Archaeological Essays, Vol. 1

Archaeological Essays, Vol. 1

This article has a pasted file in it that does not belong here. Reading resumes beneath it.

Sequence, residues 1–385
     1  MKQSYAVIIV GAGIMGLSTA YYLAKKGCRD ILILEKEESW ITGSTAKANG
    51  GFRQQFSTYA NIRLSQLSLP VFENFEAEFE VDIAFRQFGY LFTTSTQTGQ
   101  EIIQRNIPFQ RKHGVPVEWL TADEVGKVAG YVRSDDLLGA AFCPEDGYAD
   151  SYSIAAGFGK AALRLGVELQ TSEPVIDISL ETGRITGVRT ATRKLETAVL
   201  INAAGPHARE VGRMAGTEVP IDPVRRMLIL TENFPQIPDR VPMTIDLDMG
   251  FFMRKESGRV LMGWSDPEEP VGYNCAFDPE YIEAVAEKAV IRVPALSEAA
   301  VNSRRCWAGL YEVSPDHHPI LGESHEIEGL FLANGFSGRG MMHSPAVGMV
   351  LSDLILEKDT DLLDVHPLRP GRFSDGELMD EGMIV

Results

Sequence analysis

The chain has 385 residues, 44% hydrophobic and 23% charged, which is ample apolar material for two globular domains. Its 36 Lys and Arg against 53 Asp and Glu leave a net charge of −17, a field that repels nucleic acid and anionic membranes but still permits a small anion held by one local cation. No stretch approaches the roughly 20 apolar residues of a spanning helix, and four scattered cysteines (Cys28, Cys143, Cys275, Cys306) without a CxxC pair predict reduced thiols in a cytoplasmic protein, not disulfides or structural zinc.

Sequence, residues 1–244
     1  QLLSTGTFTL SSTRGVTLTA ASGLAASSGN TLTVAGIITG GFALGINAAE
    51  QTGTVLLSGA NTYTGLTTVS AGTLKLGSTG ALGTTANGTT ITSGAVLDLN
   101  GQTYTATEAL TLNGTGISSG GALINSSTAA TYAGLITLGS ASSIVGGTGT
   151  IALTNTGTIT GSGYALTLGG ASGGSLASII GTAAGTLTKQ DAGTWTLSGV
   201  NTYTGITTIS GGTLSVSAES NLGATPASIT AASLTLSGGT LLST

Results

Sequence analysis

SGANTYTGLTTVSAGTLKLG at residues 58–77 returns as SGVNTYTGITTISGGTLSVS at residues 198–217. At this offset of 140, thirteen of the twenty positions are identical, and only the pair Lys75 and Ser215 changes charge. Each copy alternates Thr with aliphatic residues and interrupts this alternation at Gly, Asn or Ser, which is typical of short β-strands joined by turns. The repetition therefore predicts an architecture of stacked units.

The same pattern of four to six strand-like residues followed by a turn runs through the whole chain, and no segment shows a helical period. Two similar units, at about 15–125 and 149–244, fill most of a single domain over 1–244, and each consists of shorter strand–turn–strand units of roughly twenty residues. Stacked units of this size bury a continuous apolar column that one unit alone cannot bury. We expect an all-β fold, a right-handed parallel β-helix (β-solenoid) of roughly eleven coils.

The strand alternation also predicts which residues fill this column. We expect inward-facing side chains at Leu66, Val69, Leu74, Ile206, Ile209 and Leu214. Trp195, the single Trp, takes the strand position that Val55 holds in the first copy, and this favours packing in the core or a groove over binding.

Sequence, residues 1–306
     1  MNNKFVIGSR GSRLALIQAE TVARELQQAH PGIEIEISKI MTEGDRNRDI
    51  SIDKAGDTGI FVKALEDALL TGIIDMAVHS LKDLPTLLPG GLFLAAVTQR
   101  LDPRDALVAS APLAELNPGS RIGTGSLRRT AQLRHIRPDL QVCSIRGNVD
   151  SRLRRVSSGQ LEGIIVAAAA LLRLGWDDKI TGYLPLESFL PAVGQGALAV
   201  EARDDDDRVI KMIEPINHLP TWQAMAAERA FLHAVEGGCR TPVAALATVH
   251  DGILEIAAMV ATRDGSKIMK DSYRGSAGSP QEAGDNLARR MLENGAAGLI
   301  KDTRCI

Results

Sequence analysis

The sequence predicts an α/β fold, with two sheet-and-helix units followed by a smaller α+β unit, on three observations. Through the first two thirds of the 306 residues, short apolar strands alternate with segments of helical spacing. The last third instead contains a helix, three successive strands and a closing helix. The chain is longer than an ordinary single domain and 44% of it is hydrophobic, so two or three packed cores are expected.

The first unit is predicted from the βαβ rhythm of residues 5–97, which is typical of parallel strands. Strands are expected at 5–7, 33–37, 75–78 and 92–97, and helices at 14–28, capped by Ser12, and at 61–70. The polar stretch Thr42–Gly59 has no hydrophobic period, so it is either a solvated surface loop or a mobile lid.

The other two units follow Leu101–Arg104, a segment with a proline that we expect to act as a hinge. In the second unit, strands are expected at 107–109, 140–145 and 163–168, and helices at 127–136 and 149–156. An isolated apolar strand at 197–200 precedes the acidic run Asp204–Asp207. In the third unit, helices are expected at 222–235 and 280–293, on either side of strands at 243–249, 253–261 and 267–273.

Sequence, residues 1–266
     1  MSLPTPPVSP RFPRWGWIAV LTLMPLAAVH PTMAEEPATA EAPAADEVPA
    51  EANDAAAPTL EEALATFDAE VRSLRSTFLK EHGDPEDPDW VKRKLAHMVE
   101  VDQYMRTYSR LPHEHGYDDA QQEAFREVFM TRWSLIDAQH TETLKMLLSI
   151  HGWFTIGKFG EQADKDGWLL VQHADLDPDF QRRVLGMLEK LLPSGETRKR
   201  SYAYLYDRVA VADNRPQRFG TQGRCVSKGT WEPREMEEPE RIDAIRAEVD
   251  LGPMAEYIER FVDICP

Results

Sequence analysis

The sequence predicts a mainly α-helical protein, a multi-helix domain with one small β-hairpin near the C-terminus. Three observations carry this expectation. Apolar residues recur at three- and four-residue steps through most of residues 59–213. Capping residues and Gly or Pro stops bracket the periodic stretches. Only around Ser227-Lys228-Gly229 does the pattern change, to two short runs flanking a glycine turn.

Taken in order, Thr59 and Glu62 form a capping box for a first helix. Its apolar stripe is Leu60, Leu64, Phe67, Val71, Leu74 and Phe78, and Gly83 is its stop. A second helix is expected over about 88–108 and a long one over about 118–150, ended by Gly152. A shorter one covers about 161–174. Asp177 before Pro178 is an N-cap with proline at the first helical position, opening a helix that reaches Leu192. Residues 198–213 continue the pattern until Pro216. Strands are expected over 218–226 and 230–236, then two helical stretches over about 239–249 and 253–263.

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Project Gutenberg's Archaeological Essays, Vol. 1, by James Y. Simpson This eBook is for the use of anyone anywhere at no cost and with almost no restrictions whatsoever. You may copy it, give it away or re-use it under the terms of the Project Gutenberg License included with this eBook or online at www.gutenberg.org Title: Archaeological Essays, Vol. 1 Author: James Y. Simpson Editor: John Stuart Release Date: November 28, 2008 [EBook #27354] Language: English Character set encoding: ISO-8859-1 *** START OF THIS PROJECT GUTENBERG EBOOK ARCHAEOLOGICAL ESSAYS, VOL. 1 *** Produced by David Clarke, Graeme Mackreth and the Online Distributed Proofreading Team at http://www.pgdp.net (This file was produced from images generously made available by The Internet Archive/American Libraries.) ARCHÆOLOGICAL ESSAYS BY THE LATE [Pg iii] SIR JAMES Y. SIMPSON, BART. M.D., D.C.L. ONE OF HER MAJESTY'S PHYSICIANS FOR SCOTLAND, AND PROFESSOR OF MEDICINE AND MIDWIFERY IN THE UNIVERSITY OF EDINBURGH EDITED BY JOHN STUART, LL.D. SECRETARY OF THE SOCIETY OF ANTIQUARIES OF SCOTLAND VOL. I. EDINBURGH EDMONSTON AND DOUGLAS PUBLISHERS TO THE SOCIETY OF ANTIQUARIES MDCCCLXXII Printed by R. & R. CLARK , Edinburgh. [Pg iv] [Pg v] THE EDITOR'S PREFACE. The late Sir James Simpson, in the midst of his anxious professional labours, was wont to seek for refreshment in the pursuit of subjects of a historical and archæological character, and to publish the results in the Transactions of different Societies and in scientific journals. Some of these papers are now scarce, and difficult of access; and a desire having been expressed in various quarters for their appearance in a collected and permanent form, I was consulted on the subject by Sir Walter Simpson, who put into my hands copies of the various essays, with notes on some of them by his father, which seemed to indicate that he himself had contemplated their republication. Having for a long time been acquainted with their merits, I did not hesitate to express a strong opinion in favour of their publication; and I accepted with pleasure the duty of editing them, which Sir Walter requested me to perform. The papers in question were the fruit of inquiries begun indeed as a relief from [Pg vi] weightier cares; but as it was not in their author's nature to rest satisfied with desultory and superficial results in his treatment of any subject, so his archæological papers more resemble the exhaustive treatises of a leisurely student, than the occasional efforts of one overwhelmed in professional occupations. In the present work will be found all the more important archæological papers of Sir James Simpson, collected from the various sources indicated in the Table of Contents. The subjects to the antiquities of which Sir James first directed his attention were connected with his own profession; but, as time went on, his interest in historical pursuits deepened and expanded, and the questions discussed by him became more varied. It has been thought best to arrange the papers of a general historical scope in the first volume, and those connected with professional antiquities in the second; but readers, who may wish to trace the order in which they were written by the author, will find their various dates in the Table. The first paper, entitled "Archæology, its Past and its Future Work," was prepared as a lecture to the Society of Antiquaries of Scotland. This was done with a care and elaboration which are not always associated with such efforts; and, whether in indicating the object and end of the archæological student's pursuits,—sketching the past progress of the study,—and specifying the lines of research from which Scottish inductive archæology may be expected to derive [Pg vii] additional data and facts,—nothing more thoroughly practical could be desired; while in his resumé of the difficulties and enigmas peculiar to Scottish antiquities, he may be said to have left none of them untouched, his passing allusions being, in many instances, suggestive of their solution. The paper on "An old Stone-roofed Cell or Oratory in the Island of Inchcolm" affords an instance of the author's careful observation, and his fertility of illustration. The humble structure in question, which, at the time when it first attracted Sir James Simpson's notice, was used as a pig-stye, had few external features to suggest the necessity of farther inquiry; but after his eye had become accustomed to the architecture of the early monastic cells in Ireland, its real character flashed upon him, and he found that his conclusions coincided with the facts of the early history of the island. These he gleaned from many sources, but in grouping them into a picture he enriched his narrative with various instructive notes; as on the "Mos Scotticum" of our early buildings; a comparison of the ruin with the Irish oratories; notices of other Island Retreats of Saints, and of the Saints themselves. In one of these he gives an instructive reference to a passage in the original Latin text of Boece about the round tower of Brechin, which had been overlooked by his translator [Pg viii] Bellenden, and so was now quoted for the first time. A copy of this paper on Inchcolm having been sent to his friend Dr. Petrie of Dublin, author of the well-known essay on the "Early Ecclesiastical Architecture and Round Towers of Ireland," it was returned after a time, enriched with many notes and illustrations. In now reprinting the paper these have been added, and are distinguished from the author's notes by having the letter P annexed to them. The subject of the Inchcolm oratory was one about which this great man felt much interest, and on which he could speak from the abundance of his knowledge and experience. The notes are therefore of special value, as furnishing the latest views of the author on mooted points of Celtic Ecclesiology, while they are conspicuous for the modesty and candour which were combined with Dr. Petrie's vast learning on the subject. Thus, in his work on the Round Towers, Dr. Petrie assigned "about the year 1020" as the date of the round tower of Brechin, but in one of the notes he corrects himself, and explains the origin of his mistake:—"The recollection of the error which I made, by a carelessness not in such matters usual with me, in assigning this date 1020, instead of between the years 971 and 994, as I ought to have done, has long given me annoyance, and a lesson never to trust to memory in dates; for it was thus I fell into the mistake. I had the year 1020 on my mind, which is the year assigned by Pinkerton for the writing of the Chron. Pictorum, and, without stopping to remember or to refer,